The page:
He has terrible tusks and terrible claws and terrible teeth in his terrible jaws… and he was being dragged up the steps of the Perth Concert Hall by a toddler.
It was the WA Symphony Orchestra’s Gruffalo concert and one boy had brought his stuffed Gruffalo teddy along for the show. The concert hall was buzzing with children flocking to see Julia Donaldson’s best-selling book The Gruffalo brought to life on a big screen with live music by the orchestra.
The story follows a little mouse walking through the forest and deflecting a fox, an owl and other predators with descriptions of a terrifying monster. Turns out the Gruffalo of his imagining is real and the quick-thinking mouse has to find a way of tricking him too. The animated version of the book includes a squirrel family as narrators, and the sequel Gruffalo’s Child flips the tables and tells the story from the point of view of a small Gruffalo girl.
My family embarked on the trip with great excitement. They love getting a taste of the concerts mum is always going to for work, and WASO’s kids concerts are a great place to start.     Conductor and orchestrator Terry Davies introduced the sections of the orchestra and the musical motifs associated with the different animals: the flute for the owl, the percussion for the fox, the tuba for the Gruffalo. And then the film began, projected on screens around the hall.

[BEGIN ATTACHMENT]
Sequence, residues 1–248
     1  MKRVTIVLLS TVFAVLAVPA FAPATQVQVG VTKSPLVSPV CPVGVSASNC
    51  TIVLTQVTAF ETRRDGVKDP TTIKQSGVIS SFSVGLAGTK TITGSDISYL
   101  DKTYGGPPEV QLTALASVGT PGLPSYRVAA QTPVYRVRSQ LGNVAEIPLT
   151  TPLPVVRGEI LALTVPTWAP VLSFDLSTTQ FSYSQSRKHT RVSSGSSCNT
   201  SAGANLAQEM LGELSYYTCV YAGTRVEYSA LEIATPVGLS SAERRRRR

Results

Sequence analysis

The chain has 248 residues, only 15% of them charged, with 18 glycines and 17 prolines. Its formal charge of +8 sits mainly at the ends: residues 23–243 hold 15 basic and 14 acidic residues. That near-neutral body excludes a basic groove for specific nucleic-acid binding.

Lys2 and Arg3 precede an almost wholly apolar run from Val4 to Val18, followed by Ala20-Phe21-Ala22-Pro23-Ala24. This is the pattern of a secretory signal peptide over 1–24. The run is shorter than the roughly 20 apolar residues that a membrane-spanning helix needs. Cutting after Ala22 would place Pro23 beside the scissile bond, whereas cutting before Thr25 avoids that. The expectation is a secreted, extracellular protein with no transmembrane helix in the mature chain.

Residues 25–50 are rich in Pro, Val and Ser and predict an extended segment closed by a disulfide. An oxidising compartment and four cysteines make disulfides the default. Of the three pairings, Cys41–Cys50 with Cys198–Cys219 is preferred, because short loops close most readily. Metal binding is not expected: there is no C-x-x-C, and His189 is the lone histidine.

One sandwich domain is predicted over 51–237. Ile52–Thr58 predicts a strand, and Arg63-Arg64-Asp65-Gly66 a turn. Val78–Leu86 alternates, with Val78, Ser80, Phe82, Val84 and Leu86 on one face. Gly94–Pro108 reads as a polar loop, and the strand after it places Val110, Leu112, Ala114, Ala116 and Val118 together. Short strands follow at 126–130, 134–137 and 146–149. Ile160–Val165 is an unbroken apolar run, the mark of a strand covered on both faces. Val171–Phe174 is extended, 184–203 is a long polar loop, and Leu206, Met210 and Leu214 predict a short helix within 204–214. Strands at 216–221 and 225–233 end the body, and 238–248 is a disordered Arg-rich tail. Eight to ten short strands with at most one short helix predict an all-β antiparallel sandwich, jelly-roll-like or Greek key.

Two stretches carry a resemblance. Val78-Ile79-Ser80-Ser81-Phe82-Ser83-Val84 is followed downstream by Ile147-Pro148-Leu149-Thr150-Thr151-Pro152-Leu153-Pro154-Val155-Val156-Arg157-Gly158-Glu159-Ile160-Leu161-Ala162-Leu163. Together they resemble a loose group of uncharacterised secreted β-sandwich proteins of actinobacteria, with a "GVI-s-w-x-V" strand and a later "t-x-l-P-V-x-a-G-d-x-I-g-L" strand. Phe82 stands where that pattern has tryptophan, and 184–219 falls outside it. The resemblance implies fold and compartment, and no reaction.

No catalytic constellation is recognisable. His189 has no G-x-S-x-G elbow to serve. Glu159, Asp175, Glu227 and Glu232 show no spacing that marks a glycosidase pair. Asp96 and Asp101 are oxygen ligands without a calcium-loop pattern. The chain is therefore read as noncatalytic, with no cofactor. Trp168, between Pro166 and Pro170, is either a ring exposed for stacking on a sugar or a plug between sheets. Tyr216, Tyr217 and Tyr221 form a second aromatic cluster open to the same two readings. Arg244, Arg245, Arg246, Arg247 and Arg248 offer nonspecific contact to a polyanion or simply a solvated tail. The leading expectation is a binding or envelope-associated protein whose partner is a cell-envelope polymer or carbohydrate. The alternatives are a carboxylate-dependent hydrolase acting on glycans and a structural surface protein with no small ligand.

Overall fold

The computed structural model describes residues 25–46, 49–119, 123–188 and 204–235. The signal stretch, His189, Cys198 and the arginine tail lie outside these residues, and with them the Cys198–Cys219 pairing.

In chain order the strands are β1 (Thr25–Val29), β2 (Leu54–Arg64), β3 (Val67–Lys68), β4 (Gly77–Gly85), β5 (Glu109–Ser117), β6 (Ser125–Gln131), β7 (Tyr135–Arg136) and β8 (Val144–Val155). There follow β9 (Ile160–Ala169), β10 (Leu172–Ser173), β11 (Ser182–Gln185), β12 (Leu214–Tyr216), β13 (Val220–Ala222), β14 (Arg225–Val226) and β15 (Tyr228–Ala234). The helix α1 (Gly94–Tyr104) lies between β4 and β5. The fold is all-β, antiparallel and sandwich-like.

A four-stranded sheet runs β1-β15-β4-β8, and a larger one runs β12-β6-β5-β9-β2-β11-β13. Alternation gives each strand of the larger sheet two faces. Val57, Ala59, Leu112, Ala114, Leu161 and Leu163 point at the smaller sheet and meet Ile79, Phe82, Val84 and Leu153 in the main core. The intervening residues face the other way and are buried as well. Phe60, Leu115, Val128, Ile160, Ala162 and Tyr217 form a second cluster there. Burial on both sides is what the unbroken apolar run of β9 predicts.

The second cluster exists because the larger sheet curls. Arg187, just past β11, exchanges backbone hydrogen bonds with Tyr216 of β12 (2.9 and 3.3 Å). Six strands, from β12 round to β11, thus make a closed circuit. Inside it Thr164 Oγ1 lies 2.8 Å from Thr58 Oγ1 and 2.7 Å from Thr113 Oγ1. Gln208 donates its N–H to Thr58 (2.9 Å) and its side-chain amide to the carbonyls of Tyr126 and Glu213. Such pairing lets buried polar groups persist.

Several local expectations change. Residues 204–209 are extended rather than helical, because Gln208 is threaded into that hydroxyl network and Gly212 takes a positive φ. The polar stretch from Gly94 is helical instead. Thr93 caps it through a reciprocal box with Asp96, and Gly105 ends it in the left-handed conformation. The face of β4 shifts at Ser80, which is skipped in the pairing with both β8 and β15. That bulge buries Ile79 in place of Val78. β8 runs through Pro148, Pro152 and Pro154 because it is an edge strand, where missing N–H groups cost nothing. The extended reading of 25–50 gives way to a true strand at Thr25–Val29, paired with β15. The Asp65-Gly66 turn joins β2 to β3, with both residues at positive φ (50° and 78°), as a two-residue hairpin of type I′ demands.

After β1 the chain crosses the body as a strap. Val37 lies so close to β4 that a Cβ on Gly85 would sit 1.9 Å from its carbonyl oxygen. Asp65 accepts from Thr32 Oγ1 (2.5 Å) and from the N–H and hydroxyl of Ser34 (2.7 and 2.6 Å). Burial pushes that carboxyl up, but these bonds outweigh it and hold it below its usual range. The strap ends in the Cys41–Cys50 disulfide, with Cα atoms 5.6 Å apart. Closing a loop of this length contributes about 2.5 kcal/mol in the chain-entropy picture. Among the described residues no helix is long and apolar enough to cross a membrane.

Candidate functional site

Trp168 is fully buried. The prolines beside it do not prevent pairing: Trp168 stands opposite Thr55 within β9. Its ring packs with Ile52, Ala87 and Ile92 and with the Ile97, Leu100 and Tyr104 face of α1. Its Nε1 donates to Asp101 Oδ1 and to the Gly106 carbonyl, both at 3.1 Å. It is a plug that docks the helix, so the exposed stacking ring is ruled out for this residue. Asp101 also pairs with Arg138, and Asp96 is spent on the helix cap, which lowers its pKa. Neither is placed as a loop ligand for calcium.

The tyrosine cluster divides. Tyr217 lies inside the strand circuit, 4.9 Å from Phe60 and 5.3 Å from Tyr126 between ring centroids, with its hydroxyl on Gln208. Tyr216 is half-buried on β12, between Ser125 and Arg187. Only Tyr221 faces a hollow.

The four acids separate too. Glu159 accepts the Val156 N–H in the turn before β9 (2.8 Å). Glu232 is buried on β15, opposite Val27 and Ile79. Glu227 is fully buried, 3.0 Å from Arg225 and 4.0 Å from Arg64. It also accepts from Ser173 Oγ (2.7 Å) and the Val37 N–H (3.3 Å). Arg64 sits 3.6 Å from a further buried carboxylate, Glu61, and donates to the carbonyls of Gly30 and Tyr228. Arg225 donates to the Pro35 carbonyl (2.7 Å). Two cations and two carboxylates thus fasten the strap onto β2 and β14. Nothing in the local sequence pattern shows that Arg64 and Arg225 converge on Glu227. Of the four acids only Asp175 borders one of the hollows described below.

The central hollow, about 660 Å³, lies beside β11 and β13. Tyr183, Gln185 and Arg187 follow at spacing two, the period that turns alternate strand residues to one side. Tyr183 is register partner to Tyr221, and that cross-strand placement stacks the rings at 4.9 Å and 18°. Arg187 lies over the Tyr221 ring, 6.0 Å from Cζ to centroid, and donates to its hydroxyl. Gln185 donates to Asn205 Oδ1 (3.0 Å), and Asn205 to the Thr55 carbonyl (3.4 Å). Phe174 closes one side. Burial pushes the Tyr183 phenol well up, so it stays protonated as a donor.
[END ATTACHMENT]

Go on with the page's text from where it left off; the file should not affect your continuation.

There is something special about live concerts; there was far more participation that would be generated from watching the movie at home. The young audience members soon recognised the familiar lines and began to join in:”I’m going to have lunch with a Gruff-a-lo”.
Matthew laughed uproariously at the slapstick moments: the fox getting snow on his head, the owl crashing into the trees. Once Tahlia realised the Gruffalo wasn’t going to appear on stage and the snake and fox etc weren’t real, she started to relax and enjoy the show too.
Of course with the antics happening on screen there wasn’t much focus on the orchestra, but they played well under Davies, who used a monitor on his podium to coordinate the timing with the movie. The concert finished in under an hour before the kids had time to get squirmy and then we headed home to read the book just one more time!